Greater Brisbane currently supports a population of 2.07 million, and is growing rapidly with a population increase of 11.5% between 2006 and 2011 (Australian Government Bureau of Statistics 2011). The state government plans to add 156,000 houses to the city by 2031 (Queensland Department of Infrastructure and Planning 2009). Our study area covered 636 km² of the city and was defined by contiguous 1 km² grid cells that were (i) within Brisbane’s administrative boundary, and (ii) at least 25% urbanized (as judged by eye from aerial imagery). We limited the extent of the study area to the urbanized portion of the city in this way because Brisbane’s administrative boundary includes large areas of nonurban land cover. The study area ensured various land use types and degrees of urbanization were well represented.
We developed a land use map for the study area using a digitized, spatially referenced cadastral dataset containing the property boundaries and description for all land parcels in Queensland (Queensland Government Department of Environment and Resource Management 2006) and the Queensland Valuation and Sales dataset (QVAS), which provides the statutory valuations of land parcels in Queensland (Queensland Government Department of Environment and Resource Management 2006). Both datasets are from 2006. Using these datasets we created a unified land use data layer in which each property in the cadastral dataset was classified into one of five categories and then verified using Google Earth aerial imagery from 2007:
We used models of 36 species’ distributions taken from Sushinsky et al. (2013) to estimate current bird species richness near the home across the study area. The models were based on a total of 636 bird surveys in the urban area of Brisbane performed during the spring breeding season of 2009, between 25 August and 11 November. We collected data on the presence of bird species across the city by conducting five-minute point counts at each survey point during which all species encountered were listed. The resulting dataset comprised 7986 observations of 119 species, and models were built for all 36 bird species that had at least 15 occurrence records. We used Maxent (Phillips and Dudík 2008) to construct species distribution models as functions of six selected environmental variables (land use, dwelling density, vegetative cover, vegetative heterogeneity, temperature, precipitation, and distance to the city periphery) on a 200 m x 200 m grid across the city. The logistic output from Maxent equates to a probability that the species will be observed in each 200 m pixel, given the environmental conditions that exist there (Phillips and Dudík 2008). Analyses of bird distributions were conducted at a 200 m resolution because we expected detectability to be approximately limited to 200 m and this resolution is fine enough to adequately capture the heterogeneity in land cover across the urban landscape.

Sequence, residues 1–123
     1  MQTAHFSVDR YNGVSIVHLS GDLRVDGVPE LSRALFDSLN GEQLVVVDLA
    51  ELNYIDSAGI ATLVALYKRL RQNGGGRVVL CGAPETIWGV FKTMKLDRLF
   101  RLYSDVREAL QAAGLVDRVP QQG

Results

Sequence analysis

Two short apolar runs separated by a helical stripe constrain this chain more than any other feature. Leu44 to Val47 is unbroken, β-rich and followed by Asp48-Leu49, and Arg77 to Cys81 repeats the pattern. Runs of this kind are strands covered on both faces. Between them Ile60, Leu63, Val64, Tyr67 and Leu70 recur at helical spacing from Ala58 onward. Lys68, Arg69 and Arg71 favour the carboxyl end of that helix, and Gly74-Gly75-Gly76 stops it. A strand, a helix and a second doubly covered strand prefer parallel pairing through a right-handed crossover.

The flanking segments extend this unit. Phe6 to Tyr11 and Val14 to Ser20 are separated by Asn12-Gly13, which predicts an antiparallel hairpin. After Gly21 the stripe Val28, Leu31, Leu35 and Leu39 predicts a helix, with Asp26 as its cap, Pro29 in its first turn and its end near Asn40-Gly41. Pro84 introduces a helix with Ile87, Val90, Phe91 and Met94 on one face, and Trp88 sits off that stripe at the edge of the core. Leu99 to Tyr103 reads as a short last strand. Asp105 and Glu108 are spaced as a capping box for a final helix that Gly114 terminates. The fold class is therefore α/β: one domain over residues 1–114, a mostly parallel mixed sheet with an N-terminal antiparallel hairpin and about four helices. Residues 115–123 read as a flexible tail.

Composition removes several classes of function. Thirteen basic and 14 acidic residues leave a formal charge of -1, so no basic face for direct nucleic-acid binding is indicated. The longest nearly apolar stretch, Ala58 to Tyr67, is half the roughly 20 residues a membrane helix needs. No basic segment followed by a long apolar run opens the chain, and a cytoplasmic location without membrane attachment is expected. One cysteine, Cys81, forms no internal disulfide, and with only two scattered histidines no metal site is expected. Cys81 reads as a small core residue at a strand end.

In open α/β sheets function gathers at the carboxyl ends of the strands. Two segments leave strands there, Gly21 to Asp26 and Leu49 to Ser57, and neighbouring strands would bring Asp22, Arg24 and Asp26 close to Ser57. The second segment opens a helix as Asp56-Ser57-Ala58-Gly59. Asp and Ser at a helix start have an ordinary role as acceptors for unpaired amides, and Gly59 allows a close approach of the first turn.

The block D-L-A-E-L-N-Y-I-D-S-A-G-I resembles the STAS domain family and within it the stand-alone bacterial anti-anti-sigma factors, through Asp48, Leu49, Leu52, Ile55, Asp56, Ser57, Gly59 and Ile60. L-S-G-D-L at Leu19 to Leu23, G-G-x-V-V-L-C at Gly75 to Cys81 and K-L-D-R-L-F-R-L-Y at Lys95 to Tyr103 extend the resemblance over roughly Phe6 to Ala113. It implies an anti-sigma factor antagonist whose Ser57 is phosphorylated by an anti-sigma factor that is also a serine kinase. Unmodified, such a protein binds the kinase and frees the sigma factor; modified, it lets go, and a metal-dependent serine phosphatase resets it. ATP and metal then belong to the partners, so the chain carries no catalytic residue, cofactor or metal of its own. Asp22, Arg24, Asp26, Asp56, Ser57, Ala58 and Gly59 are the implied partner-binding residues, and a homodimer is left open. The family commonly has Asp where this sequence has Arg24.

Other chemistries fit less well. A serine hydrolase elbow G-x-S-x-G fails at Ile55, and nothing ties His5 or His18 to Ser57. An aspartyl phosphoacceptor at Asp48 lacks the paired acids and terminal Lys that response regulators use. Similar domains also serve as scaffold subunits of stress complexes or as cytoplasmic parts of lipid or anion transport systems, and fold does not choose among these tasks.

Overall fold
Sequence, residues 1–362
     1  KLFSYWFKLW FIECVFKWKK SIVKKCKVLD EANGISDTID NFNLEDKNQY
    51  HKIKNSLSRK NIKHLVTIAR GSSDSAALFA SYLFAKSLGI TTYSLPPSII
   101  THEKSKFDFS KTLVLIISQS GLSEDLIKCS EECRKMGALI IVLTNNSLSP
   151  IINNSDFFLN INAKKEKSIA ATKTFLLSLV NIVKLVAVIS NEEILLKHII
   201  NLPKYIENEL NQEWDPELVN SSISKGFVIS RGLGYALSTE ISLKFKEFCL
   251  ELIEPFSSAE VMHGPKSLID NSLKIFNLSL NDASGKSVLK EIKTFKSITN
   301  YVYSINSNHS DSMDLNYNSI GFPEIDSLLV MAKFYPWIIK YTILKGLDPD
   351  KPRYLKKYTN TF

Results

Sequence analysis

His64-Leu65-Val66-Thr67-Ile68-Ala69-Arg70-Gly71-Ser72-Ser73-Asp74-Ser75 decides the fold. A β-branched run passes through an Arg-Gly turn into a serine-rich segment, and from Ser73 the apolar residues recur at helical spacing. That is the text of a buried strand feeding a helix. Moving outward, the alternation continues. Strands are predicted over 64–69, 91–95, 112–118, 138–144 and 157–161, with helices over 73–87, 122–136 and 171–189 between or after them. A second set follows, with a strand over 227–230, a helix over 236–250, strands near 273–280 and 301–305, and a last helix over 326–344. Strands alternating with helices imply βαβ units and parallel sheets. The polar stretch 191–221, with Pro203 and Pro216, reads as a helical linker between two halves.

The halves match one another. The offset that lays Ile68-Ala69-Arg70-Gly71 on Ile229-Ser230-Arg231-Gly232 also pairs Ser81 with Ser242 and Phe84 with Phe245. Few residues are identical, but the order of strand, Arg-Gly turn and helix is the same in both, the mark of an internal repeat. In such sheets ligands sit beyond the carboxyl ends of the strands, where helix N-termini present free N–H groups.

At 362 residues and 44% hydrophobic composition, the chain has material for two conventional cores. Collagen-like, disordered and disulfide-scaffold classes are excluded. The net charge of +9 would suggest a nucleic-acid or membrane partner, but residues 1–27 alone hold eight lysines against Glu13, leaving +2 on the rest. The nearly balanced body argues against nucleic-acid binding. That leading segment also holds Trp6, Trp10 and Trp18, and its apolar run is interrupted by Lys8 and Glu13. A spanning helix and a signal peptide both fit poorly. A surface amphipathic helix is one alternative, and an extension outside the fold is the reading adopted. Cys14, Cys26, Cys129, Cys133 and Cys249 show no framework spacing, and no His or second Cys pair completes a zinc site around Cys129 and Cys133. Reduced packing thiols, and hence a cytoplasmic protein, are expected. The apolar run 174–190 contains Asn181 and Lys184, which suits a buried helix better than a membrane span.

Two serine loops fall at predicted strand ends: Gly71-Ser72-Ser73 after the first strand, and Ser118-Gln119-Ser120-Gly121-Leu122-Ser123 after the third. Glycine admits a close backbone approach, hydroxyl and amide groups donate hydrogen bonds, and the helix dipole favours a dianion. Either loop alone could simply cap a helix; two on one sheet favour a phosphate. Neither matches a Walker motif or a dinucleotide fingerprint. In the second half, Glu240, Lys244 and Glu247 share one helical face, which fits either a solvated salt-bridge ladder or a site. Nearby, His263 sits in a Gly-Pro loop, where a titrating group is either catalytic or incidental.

We developed scenarios of compact and sprawling urban growth based on current development patterns, projected population growth in Brisbane, and the city’s plans to accommodate that growth. The scenarios were implemented on an individual property scale using the land use data layer described above. In the compact scenario, housing density is increased through infill and subdivision of existing residential areas. In Brisbane, developers typically subdivide a residential property by purchasing single-dwelling plots, demolishing the existing house, and building multiple residential units, each occupying only a portion of the original lot. The sprawling scenario directs low density development to areas of open space outside already developed areas (areas covered by vegetation without any significant amenity value), a continuation of the pattern of urban growth in Brisbane over the past few decades. In each scenario a total of 84,642 dwellings were added to the study area; this is an area-weighted proportion of the 156,000 dwellings that Brisbane City Council is expected to accommodate by 2031, according to the Southeast Queensland Regional Plan 2009 (Queensland Government Department of Infrastructure and Planning 2009). The spatial extent of the city was not increased in either scenario because we are comparing alternative patterns of expansion within the city boundary.